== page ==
Someone forgot to tell the Japan arm of the GPC that Paramount was no longer onboard...they were still shown in the credits and they still had Tom Cruise from MI plastered in the graphics.

The Blu-ray Disc License Entity is now the softer, more cuddly BDA License Office.

The GPC had a slide showing "major IT companies supporting BD"...they had the HP logo in the #1 spot, the Dell logo in the #2 spot, the Lenovo logo in the #4 spot...and a big question mark in the #3 spot, where one would expect the Apple logo. I think it's safe to say it was an oversight, and we shouldn't read too much into this.


The GPC has inked a deal with GfK to get oodles of market share and sales data for Blu-ray and HD DVD...they even have a mockup of where the reports will go on the website. Hopefully faster than the TEG2 meeting notes.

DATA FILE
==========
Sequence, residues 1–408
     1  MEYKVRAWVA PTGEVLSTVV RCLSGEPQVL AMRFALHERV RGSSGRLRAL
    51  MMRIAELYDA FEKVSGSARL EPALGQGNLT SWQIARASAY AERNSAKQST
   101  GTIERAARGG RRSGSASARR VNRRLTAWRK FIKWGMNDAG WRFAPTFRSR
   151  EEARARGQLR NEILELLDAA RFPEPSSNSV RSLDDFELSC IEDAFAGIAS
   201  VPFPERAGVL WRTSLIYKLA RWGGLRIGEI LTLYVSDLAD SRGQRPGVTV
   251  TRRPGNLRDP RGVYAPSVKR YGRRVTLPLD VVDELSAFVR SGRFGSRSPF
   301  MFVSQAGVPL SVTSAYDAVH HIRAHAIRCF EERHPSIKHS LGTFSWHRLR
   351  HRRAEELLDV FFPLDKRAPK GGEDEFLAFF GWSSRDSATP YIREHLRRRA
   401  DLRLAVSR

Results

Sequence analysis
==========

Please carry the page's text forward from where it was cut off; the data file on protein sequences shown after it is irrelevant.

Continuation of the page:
GPC focus in the US: "Tactical efforts continue to focus on media outreach and support of key industry events, including 2nd tier press tier...(k)ey messaging continues to focus on undeniable industry support advantage, 2:1 movie share advantage, hardware share advantage, movie share advantage, hardware share resurgence with 2nd gen players, CEDIA announcements, PS3 price move." Who knew an advantage could resurge?

Also on tap for the GPC: tell PS3 owners the things can play movies. Er, "highlight PS3 movie-viewing functionality."

Hitachi went on and on about their new Blu-ray HD camcorders, only to sheepishly note that you can record 4 hours using the HDD in the BD/HDD hybrid DZ-BD7H vs. only 1 hour using a BD-R/E in the DZ-BD7H or the BD-only DZ-BD70...and with better battery life using the HDD recording option. Nice sell there, guys! Obviously the Hitachi guys have been certified in Anti-Marketing 101 by the HD DVD PRG.